The high plains and prairies, mineral-rich earth, glacial lakes, and majestic mountains are all found in the Midwestern state of South Dakota. Primarily a rural state, South Dakota consistently ranks nationally in the top ten for production of hay, sunflowers, rye, honey, soybeans, corn, wheat, and cattle. Ancestral home to Crazy Horse and Sitting Bull, politicians Tom Daschle and George McGovern, and the iconic Laura Ingalls Wilder, South Dakota encompasses 77,123 square miles, averaging ten people per square mile. If you are searching for wide, open spaces to get your small-town stretch on, this may be the place.
In the north-central part of the state is Mobridge. A map dot of 3,465 chilled out residents and 10-times as many head of cattle. One of those residents is Michele Harrison, born and raised in the area, and fresh from a public service stint representing the people of the 23rd State Legislative District from 2015-2017, not seeking another term. A lifelong conservative of 53 years, Harrison appears to be the perfect embodiment of the South Dakota lifestyle.
I caught up with the horse breeder and cattle rancher on a frigid day and dove into politics with ease. Harrison loves to talk shop; whether horses or political horse-trading, and well, so does this writer – so we bonded.
The economics of South Dakota are high on the list of Harrison’s must-haves from our national gatekeepers. Oh, did I mention she is the Executive Director of Mobridge Economic Development Corp? Just add that to the many hats she dons. And unlike Representative Frederica Wilson (D-FL), Harrison wears the real cowboy hat with flair and authority.
Harrison lamented the long over-due tax reform and praised President Trump’s efforts to push it through before the end of the year. With an insight into the dreary past eight years of over-regulation and taxing small businesses, she sees the Trump era bringing about economic growth that was non-existent for a decade.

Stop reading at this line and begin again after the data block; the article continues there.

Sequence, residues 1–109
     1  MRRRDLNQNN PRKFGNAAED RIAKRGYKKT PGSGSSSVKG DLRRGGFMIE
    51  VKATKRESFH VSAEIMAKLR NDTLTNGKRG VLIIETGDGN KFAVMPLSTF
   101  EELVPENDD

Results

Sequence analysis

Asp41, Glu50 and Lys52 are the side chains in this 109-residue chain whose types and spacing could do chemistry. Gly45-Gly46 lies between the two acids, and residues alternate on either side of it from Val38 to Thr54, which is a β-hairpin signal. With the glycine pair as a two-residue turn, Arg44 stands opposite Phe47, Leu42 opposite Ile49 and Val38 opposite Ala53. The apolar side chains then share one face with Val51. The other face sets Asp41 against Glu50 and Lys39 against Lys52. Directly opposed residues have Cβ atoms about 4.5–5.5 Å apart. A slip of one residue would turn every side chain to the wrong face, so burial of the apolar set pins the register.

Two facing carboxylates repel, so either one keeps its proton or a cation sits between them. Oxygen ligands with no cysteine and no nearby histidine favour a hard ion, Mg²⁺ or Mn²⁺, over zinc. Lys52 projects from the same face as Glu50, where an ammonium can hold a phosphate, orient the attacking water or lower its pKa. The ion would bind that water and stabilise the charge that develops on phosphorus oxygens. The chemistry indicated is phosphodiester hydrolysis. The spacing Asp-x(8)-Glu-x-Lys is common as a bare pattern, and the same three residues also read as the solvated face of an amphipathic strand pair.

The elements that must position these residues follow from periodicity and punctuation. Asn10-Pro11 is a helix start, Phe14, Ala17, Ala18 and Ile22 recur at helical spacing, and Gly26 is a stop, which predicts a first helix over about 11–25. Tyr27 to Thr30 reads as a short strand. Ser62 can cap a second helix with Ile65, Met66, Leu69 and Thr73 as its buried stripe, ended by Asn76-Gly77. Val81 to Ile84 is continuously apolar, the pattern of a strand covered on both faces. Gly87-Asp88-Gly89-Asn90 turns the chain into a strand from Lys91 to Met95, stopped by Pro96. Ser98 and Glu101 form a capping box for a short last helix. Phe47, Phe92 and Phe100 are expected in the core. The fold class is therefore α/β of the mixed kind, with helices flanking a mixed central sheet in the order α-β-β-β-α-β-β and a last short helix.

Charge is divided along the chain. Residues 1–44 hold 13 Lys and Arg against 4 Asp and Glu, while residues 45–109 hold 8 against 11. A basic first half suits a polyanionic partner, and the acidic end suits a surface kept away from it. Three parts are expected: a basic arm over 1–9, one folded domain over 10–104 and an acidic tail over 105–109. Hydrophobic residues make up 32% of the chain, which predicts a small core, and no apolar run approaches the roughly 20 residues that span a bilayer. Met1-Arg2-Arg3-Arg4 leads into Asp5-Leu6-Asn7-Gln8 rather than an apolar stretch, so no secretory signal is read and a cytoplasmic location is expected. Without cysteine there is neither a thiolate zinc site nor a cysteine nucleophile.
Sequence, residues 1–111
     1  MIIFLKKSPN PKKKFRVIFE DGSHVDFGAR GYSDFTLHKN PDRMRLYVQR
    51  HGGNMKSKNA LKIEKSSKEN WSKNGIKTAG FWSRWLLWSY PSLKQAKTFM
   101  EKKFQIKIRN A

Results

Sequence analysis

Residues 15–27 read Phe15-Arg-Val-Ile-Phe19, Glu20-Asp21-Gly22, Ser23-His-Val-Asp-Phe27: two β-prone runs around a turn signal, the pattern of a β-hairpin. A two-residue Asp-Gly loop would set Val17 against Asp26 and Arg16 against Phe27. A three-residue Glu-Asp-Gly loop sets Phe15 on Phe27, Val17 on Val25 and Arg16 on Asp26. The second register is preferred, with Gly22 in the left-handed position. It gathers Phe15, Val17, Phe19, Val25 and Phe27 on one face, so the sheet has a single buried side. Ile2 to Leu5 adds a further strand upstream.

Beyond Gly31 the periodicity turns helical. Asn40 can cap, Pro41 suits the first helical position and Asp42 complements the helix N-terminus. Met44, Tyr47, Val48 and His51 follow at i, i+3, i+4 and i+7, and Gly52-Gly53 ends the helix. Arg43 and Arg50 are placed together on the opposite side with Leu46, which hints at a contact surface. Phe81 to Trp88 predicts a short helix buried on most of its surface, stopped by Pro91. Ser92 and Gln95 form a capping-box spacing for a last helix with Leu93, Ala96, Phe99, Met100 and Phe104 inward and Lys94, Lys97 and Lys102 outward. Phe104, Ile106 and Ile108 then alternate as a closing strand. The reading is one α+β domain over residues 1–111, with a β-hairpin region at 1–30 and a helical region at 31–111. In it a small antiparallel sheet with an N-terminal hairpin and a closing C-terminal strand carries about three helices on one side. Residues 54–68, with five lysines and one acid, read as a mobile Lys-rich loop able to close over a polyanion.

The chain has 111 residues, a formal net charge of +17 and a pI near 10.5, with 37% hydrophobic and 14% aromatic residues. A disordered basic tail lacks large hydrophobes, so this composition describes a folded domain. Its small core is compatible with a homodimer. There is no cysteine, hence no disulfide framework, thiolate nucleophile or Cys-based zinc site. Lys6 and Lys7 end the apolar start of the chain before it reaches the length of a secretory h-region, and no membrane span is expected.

In between horse tales and weather woes, finally, we spoke of energy and the controversial Keystone Pipeline and the recent oil leak near the town of Amherst. With a such a rural area as Mobridge – the nearest Walmart is 100 miles to the north – viable and transportable energy is a hot topic. There aren’t a lot of mass transportation options available, and it seems the big city dwellers don’t understand the economics of light rail and electric bus systems in the boondocks. It just isn’t feasible in most of the flyover states.
When we spoke before her interview, Harrison quipped, “I am not sure I have any jaw-dropping revelations, but I am pretty typical small town, mid-America type.” I agree; she is the quintessential mid-western woman. Family, friends, and stewardship of her homeland are her top priorities. She cares for livestock, her community, and the state, and like most fly-over state residents, enjoys the quiet lifestyle away from the Leftist coastal cities with the crazy out of touch ideals.
We have all seen the mighty power of the rural folks rise-up to the un-American push for a socialistic society. Harrison, along with the rest of middle America, defeated that tired agenda in 2016. And that is the best jaw-dropping revelation of the past quarter-century, Michele, and one in which you were a participant. Just ask the media; they are still shell-shocked.